Trigger Events: Peeling Back the Layers for Change

Trigger Events are one of the most crucial areas of selling to master. It’s the reason conversations happen and participants come to the table. It’s the reason decisions get made. A Trigger Event can be defined as something causing someone (your decision influencers; Customers & Prospects) to make a buying decision – What compelling event or change is a prospect or customer looking to fix by making a buying decision? It seems simple enough, but why do salespeople seem to struggle in this area when it comes to individual pursuits and key accounts? Simple doesn’t mean easy.

When a prospect or customer experiences a reason for a change, it isn’t always negative, and there isn’t always a “problem” to be solved. There could simply be a better way of doing things, but the goal is to identify how inefficiency is creating a problem in the individual’s world and ensure it’s a priority for everyone.

Trigger events stem from two types of conversations:

A. Decision Influencers are aware they have a reason for a change and share it with you through conversations. Your meets have been productive, your timing is right, and they have acknowledged that a Trigger Event exists and their vision for results is clear. Don’t expect the “reverse-cold-call” here; meaning don’t expect your phone to be ringing off the hook with people who want to buy from you. It’s more likely that your conversations with prospects or customers move forward quicker and you can clearly identify what success looks like.

B. You’ve helped one or more decision influencers create or have an “ah-ha” moment where something in their role or business needs to change in order to meet their goals. You’ve created a Trigger Event. Salespeople can create one by helping their audience understand ways they will be impacted by change. In 2018, digital and social marketing makes claims that buyers are 57% of the way through their decision before engaging in conversations (CEB). How many pipeline opportunities end in success because a salesperson created or helped their audience realize there was a priority for change? That metric isn’t measured because marketers don’t know how to; neither do most sales teams.

People “don’t know what they don’t know” and you can help them discover reasons for change. I witnessed a 2017 conference keynote speaker tell a B2B audience that “closing rates don’t matter anymore because marketing has gotten so good at bringing in ‘buying ready leads.’” – If that’s the case, fire your salespeople and watch what happens to sales. That individual had made his success in the B2C market with a luxury home accessory. That claim doesn’t take into consideration letter B at all. (end of rant)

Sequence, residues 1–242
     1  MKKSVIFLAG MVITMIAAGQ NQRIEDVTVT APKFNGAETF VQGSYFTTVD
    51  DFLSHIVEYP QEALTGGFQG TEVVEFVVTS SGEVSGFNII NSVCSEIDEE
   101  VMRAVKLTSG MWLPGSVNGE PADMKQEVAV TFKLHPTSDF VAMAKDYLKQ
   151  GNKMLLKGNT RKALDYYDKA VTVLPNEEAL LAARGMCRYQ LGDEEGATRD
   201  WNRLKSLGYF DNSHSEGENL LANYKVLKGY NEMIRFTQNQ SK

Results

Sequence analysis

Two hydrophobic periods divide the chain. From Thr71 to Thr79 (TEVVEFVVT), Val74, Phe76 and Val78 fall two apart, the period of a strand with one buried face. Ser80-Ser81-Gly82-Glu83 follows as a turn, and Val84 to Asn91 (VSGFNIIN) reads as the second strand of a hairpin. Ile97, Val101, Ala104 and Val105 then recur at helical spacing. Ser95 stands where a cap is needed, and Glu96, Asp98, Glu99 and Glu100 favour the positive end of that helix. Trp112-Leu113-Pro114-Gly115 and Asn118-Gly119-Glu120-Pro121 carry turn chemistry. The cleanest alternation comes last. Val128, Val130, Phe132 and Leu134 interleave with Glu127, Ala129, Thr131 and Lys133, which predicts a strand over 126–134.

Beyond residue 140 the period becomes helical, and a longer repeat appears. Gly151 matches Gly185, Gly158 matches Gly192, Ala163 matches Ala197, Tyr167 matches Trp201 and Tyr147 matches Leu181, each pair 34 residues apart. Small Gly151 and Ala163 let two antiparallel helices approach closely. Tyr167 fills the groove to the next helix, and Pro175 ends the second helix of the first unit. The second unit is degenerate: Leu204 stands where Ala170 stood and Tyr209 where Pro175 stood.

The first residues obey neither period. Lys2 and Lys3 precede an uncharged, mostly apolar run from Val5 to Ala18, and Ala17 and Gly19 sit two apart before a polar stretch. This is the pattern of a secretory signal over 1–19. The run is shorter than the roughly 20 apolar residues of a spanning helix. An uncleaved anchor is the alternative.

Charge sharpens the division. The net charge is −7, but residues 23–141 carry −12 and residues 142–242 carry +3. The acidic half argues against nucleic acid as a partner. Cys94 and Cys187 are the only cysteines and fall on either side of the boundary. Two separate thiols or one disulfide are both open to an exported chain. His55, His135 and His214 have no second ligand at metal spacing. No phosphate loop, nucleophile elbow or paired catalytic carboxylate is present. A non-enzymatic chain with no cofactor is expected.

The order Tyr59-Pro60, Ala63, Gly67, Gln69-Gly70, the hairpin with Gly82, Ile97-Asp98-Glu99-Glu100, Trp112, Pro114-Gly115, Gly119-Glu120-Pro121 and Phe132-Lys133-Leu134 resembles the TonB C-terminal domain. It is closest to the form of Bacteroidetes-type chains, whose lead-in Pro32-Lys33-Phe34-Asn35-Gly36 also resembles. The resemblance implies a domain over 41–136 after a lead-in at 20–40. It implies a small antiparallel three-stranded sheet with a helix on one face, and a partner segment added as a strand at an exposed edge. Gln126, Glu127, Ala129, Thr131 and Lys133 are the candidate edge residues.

Now that we’ve either A) identified a shared Trigger Event through conversation, or B) created one, we can categorize the area where you can have an impact with these subcategories.

I. Product(s) – The Trigger Event is driven by a product issue or opportunity to change in order to improve. Comparing your product to another, if they already use something you sell, is never easy. I’ve never heard a salesperson say “yes! I’d love to be compared to my competition!”… But we’re not just talking competition here. You’ve established through route A or B above that there’s an issue your Decision Influencers want to solve and something about your product can solve it.

II. Service(s) – The Trigger Event is service related. If you sell a service, consider that your product, and this category anything that supports the success your customers could have. Typically customer service requests, shipping, billing, and housekeeping duties fall under this area. However, many organizations differentiate with their processes in the marketplace. Just make sure you’re competition can’t say the exact same thing.

III. Their Business – The Decisions Influencers have a business issue that you can solve through product, service, or an alternative value-add that would make them want to make a change. This area comes with more difficulty for most salespeople simply because most salespeople have never operated or led a business before, so their thinking is more product or ground level related. If you help them make a change, how is the top of the organization impacted? How leadership be more successful if (________) is different? These types of questions are rarely asked.

These events are not exclusive. Many times an issue within a product category can be impacting the business. It’s also an advantage for salespeople to create or identify multiple trigger events to be more influential with multiple decision influencers who are impacted by change.Trigger Events: Peeling Back the Layers for Change Diagram

Now we need to get to root cause. Many salespeople think they have a Trigger Event based on surface requests or what the Decision Influencer is willing to share based on surface level questions. For example:

“They are looking to consolidate suppliers for a better price.”
“They want a new display put into their downstream customers.”
“They are putting out a 3-year contract RFP and want us to participate since we’ve worked with them before.”
“Their previous suppliers are letting them down in service. Let’s put together a presentation.”
“Their using ABC’s product and ours is superior.”
“They are expanding into a new territory.”

None of these would be scored “yes” as the Trigger Event for change. What’s causing each of them? Did they realize there was a need for change or did someone help them? An easy “gut check” to your answer is to ask yourself “what does success look like and how will they measure it?” If you don’t know the answer, you don’t know the Trigger Event yet. You may be on your way, but peel back the layers further. Based on our conversations, we at TMG have seen it’s at least 3-4 layers of “why” before the true reason for change is exposed.